Update, November 30th: Cinder Roxley has updated the Radegast installer to work with the most recent SLVoice package. See her comments here and here (following this article). There is also a separate blog post on her work, for easier future linking.
It was recently discovered that the Radegast client was no longer installing the SLVoice extensions with a new / clean installation. On hearing of the problem, Beq Janus and Whirly Fizzle decided to investigate, and thanks to their work, we now two workaround solutions. As they had put the effort into sorting things out, I asked them if either would like to write about the issue and the solution, and Beq, with Whirly’s blessing, agreed to do so.
by Beq Janus
A few days ago when I was invited to reprise my role as a videographer for a special episode of Designing Worlds on the Future of Second Life, which will air in early December. The panel for the discussion included Gentle Heron of Virtual Ability Inc, the group who work to enable access to virtual worlds for those who, through disability or illness are unable to make ready use of regular viewers.
During the show, Gentle urged Linden Lab and us all to look for ways to make Virtual Worlds more accessible, remarking, somewhat fatefully, that many of her communities are limited to a single, troubled viewer, Radegast.
A subject of reviews in this blog, Radegast is a lightweight, extensible client which has been the ideal foundation for the disabled communities to build upon. It boasts an impressive set of speech to text and text to speech integrations and can be integrated with other devices such as braille screen readers. Sadly, Latif Kalifa, Radegast’s creator, passed away earlier this year and despite the code being open source, no-one has yet stepped forward to maintain it at a time when the Lab viewer is moving ahead in leaps and bounds, with the risk that non-maintained viewers and client might lose functionality.
As if to underline this, Gentle fell silent towards the end of the show, as she was dealing with a number of users who were reporting they were unable to use Voice with Radegast as it was failing to install the all important SLVoice extensions. While I am unfamiliar with Radegast, I offered to try looking into it for Gentle.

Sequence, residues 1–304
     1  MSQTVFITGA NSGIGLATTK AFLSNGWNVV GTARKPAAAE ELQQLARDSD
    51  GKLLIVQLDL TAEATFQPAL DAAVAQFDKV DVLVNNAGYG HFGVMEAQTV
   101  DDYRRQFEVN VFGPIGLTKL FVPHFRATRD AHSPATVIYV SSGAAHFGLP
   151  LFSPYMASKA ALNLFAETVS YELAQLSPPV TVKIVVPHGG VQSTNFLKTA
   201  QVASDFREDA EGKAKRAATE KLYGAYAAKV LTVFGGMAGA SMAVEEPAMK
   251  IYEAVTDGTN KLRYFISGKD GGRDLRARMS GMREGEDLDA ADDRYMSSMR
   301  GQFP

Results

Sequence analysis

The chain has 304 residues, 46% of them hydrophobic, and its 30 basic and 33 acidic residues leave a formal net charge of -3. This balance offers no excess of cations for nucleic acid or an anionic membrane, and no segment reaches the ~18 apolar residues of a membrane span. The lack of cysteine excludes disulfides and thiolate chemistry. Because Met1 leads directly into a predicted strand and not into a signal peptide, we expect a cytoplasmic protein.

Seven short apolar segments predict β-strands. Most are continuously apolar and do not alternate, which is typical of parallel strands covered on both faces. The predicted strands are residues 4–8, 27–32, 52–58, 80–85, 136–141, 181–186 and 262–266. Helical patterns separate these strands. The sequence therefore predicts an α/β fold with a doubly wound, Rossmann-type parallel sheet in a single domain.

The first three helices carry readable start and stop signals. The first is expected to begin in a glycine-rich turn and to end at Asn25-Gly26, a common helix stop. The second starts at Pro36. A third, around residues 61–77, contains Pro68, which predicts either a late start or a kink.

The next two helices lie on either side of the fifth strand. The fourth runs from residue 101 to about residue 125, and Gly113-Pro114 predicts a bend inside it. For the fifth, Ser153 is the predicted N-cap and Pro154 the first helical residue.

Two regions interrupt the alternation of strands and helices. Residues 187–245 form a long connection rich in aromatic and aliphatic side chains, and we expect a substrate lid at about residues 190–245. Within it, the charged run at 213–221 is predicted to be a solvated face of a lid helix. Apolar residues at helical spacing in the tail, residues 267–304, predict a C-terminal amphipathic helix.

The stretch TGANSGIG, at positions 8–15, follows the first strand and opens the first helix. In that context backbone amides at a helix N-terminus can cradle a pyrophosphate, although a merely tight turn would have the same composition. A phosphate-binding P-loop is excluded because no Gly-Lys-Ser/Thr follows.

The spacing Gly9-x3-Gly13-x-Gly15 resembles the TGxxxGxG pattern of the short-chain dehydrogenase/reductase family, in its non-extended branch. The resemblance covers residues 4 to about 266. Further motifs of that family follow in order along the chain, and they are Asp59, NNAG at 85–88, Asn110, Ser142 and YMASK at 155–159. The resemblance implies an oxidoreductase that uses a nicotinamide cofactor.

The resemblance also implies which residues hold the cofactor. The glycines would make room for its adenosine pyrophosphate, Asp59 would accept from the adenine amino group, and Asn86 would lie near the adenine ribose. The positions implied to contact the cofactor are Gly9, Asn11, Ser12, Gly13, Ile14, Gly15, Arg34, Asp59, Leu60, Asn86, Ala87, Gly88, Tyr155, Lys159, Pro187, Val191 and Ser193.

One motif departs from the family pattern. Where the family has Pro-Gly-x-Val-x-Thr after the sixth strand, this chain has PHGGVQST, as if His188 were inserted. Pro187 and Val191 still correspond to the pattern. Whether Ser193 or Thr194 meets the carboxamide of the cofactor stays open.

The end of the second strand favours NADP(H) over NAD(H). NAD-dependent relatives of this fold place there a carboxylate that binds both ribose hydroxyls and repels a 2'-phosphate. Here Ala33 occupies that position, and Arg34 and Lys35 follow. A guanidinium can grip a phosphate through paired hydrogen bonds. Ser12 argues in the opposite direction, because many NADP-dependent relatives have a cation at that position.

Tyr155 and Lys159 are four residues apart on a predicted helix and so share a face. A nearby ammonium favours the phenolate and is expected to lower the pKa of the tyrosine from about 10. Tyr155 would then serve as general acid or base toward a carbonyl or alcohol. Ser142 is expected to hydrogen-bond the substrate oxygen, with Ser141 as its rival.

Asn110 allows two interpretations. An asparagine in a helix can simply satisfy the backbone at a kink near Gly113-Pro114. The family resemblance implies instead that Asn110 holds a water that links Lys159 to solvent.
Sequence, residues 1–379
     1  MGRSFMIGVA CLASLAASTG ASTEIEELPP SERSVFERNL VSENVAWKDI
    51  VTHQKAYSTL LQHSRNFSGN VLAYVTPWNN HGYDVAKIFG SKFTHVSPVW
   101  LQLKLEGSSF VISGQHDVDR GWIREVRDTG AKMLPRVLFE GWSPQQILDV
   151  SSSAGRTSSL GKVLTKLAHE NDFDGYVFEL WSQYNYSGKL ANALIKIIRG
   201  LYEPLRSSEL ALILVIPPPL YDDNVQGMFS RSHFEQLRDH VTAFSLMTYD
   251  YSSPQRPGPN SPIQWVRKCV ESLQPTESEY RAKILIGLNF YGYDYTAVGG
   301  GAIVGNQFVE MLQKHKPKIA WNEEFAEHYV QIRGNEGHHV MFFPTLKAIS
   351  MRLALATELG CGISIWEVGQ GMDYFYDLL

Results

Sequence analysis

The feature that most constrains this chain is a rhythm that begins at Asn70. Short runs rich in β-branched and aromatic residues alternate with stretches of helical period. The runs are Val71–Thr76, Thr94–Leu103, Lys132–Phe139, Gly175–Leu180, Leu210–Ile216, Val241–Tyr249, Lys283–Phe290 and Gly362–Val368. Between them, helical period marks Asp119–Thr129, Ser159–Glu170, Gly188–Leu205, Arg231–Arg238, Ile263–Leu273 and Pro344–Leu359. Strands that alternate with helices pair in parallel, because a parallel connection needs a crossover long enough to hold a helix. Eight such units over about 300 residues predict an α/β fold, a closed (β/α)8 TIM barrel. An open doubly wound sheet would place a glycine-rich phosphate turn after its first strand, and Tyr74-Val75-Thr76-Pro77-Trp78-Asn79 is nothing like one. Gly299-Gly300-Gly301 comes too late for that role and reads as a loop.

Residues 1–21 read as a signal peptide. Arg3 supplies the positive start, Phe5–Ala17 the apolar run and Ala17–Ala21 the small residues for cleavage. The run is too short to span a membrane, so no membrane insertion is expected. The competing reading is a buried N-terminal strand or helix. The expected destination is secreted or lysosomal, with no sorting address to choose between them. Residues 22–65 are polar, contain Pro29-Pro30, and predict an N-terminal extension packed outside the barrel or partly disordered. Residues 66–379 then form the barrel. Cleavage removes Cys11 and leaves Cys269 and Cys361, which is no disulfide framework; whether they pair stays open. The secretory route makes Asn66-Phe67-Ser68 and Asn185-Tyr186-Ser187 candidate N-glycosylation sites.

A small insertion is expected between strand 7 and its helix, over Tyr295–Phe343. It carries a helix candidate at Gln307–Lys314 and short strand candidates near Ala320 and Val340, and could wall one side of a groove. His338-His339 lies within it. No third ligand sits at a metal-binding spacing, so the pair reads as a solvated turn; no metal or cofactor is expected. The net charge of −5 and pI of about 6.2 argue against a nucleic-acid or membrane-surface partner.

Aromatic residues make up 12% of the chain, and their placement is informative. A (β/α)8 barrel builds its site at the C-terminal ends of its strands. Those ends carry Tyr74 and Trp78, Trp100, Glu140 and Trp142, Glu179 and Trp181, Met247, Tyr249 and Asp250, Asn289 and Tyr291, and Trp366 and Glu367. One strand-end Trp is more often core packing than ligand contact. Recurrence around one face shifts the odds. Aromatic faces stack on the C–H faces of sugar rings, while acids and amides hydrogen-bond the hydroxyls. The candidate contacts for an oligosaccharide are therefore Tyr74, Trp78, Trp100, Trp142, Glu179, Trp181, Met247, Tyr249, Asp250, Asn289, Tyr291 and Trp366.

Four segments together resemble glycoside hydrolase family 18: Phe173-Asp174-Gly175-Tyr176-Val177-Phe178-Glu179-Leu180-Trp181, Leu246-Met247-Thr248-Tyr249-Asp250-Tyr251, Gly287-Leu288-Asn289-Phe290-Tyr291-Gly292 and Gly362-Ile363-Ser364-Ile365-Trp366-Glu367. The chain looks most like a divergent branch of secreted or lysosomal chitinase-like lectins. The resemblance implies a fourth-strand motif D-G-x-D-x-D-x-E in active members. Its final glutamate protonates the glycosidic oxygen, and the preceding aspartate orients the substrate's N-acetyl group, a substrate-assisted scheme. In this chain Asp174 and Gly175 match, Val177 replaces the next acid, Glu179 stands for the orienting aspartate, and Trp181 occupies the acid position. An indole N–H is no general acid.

SLVoice is a pre-built binary package supplied by Vivox and distributed by Linden Lab. During the summer, it had been upgraded to address some security concerns and so it seemed likely to me that Gentle’s problem might be that the older SLVoice package had been deprecated and removed from the download server. Sure enough, a quick check on the package URL resulted in the dreaded 404 not found error. I sent an email to Oz and Patch Linden asking them to confirm whether older versions of SLVoice had been moved.
The next day Oz confirmed that all old SLVoice packages were still available and nothing had changed. Whirly Fizzle, the powerhouse behind Firestorm QA, leapt into action: she cracked open the installer and discovered the URL actually pointed to a separately hosted Voice package which was no longer available, causing the Voice installation to silently fail during a new or clean Radegast installation as a result. However, Whirly also found a working back-up archive we could perhaps use. Unfortunately, neither Whirly or I are C# coders and cannot update the installation package directly; so how could we get a Radegast installation to work with the back-up Voice package?
I hit on the idea of first installing the backup package that Whirly had discovered, and then running the standard Radegast installer. Success! So, for anyone who is performing a clean / new install of Radegast and needs Voice, I’ve produced a set of instructions – see the link below. There is, however, more.
I mentioned above that Linden Lab had updated the SLVoice packages over the summer to deal with security concerns. Because of this, older versions of SLVoice are to be blocked from connecting to the service, and Radegast would once again be without a Voice option. Knowing this, and never one to leave a job half done, Whirly successfully tested my approach using the most recent SLVoice package available from the Lab, and confirmed it will also work.
This means that providing that there is no internal dependency within Radegast on the legacy Voice package, we now have an upgrade path for Radegast users that will ensure continued voice support after the block on older SLVoice packages comes into force. To help ensure people know what they need to do, Whirly’s instructions can also be found in the link below.
Radegast Voice Installation Instructions.
A Plea to Developers
These instructions are only a workaround. We still need to find a way to have Radegast install the correct Voice extensions automatically, as a part of the client install process. So, if you are a C# (C-Sharp) developer and are willing to spare a few hours looking at this, please take a look at the Radegast codebase and see if there is a way to incorporate the correct binaries into an installer package. Thank you.
With grateful thanks to Whirly Fizzle.